Tuesday, December 11, 2007

#6 Favorite Christmas Movie: A Collection of Classics

This is my tribute to the old classics—the ones that would never make it if they were released in the theater today, but you just can't resist watching them. I couldn't decide between these. I like them equally but for different reasons. I try to catch them at least once each Christmas season.

White Christmas is a favorite because of the singing and dancing. I love Danny Kaye. I used to have a record where Danny Kaye told children's stories. Loved it. Anyway, the plot is a little silly and light-weight but, as I said, I like this mostly for the musical numbers.

Promo info: Bing Crosby and Danny Kaye are Army buddies who become popular song-and-dance men after World War II. They decide to vacation with their girlfriends, played by Rosemary Clooney and Vera Ellen, at a failing Vermont resort owned by their former commanding officer, Dean Jagger. Their Christmas benefit performance pulls Jagger out of the red while at the same time affording us a plethora of famous Berlin tunes -- including "Blue Skies," "Heat Wave," and the Oscar-nominated "Count Your Blessings Instead of Sheep".

A very similar one to White Christmas is Holiday Inn. I actually like the story line in Holiday Inn a lot better. It's a little more complex and I think the acting is a tad better. Also, it's got Fred Astaire who is very graceful and fun to watch.

Promo info: Fred Astaire and Bing Crosby team up for Holiday Inn, where they play partner/rival song-and-dance men who compete for the hand of their performing partner, played by Virginia Dale. After Crosby loses, he moves to the Connecticut countryside where he creates a resort that is only open on holidays and puts on the shows with the help of Marjorie Reynolds. Dumped by Dale, Astaire makes a drunken arrival at the inn on New Year's Eve and dances with Reynolds. He decides she'll be his new partner, but doesn't remember what she looks like, setting off a frenzied search at every subsequent show while the once-bitten Crosby does his best to steer him off track.

The Bishop's Wife is another good one (the one with Carey Grant and Loretta Young, not the remake titled The Preacher's Wife with Denzel and Whitney, which I didn't like at all). This one I love for the plot. I think it's a great story and very well acted. I love Carey Grant and Loretta Young is just beautiful, however, I always felt bad for the angel.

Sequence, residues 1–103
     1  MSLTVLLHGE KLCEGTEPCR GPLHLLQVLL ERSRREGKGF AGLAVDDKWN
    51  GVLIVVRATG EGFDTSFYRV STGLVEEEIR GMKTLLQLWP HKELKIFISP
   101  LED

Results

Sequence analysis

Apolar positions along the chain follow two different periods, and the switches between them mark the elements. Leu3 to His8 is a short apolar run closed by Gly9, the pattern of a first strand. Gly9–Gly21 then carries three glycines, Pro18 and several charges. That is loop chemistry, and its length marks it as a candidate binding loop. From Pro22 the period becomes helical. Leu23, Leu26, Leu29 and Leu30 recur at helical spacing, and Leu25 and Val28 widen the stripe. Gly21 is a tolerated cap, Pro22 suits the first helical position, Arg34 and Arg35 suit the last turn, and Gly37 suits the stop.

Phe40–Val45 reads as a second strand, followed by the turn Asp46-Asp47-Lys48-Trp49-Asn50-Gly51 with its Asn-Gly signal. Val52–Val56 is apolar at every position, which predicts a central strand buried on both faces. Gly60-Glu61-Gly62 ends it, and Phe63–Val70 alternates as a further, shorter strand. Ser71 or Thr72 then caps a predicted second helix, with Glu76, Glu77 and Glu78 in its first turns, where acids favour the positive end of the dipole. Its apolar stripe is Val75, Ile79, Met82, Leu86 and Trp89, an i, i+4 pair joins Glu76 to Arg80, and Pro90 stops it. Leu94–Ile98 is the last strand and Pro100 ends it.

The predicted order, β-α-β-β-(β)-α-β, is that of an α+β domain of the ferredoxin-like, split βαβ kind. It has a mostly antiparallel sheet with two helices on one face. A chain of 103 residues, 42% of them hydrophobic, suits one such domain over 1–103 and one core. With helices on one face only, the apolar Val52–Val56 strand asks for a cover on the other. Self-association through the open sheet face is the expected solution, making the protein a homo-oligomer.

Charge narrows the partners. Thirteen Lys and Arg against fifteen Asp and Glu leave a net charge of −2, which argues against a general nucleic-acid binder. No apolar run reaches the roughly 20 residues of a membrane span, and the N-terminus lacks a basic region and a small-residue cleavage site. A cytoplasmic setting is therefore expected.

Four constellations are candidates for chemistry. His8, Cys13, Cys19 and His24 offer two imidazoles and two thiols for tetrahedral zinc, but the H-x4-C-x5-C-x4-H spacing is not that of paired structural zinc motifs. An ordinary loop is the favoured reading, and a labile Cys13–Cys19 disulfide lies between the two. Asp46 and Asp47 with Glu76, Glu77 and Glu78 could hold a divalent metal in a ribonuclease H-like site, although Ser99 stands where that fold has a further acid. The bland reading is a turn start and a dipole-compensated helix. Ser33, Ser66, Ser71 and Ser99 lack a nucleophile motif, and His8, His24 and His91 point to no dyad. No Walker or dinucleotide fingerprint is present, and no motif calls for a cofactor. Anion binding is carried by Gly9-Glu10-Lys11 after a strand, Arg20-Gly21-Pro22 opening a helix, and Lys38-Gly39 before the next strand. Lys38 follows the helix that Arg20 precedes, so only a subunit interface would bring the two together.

Promo info: This gentle, warmhearted movie celebrates the innate human goodness that we all occasionally conceal from the world or avoid displaying, lest we be categorized as soft or weak. An angel comes to earth and takes human form (Cary Grant) to help people tap into their better natures. Grant's principal target is a young, aggressive bishop (David Niven), whose obsessive determination to erect a massive cathedral has gradually distanced himself from the members of his parish and even from his adoring wife (Loretta Young). The flesh-and-blood angel wants nothing more to than help strengthen both parish and family, but the enigmatic newcomer’s relationship with the bishop’s wife leads the cleric to confusion and jealousy.

Miracle on 34th Street has been redone several times, but this is the classic—the one with Natalie Wood as the little girl. This one always makes me cry. It's been colorized and I know some people don't like that, but I do. Either way, this edition is a two-disc set with both the color and black and white versions on it.

Promo info: Six year old Susan doubts childhood's most enduring miracle Santa Clause. Her mother told her the "secret" about Santa a long time ago, so Susan doesn't expect to receive the most important gifts on her Christmas list. But after meeting a special departement stare Santa who's convinced he's the real thing, Susan is given the most precious gift of all - something to believe in.

Now playing on my iPod: White Christmas performed by Bing Crosby

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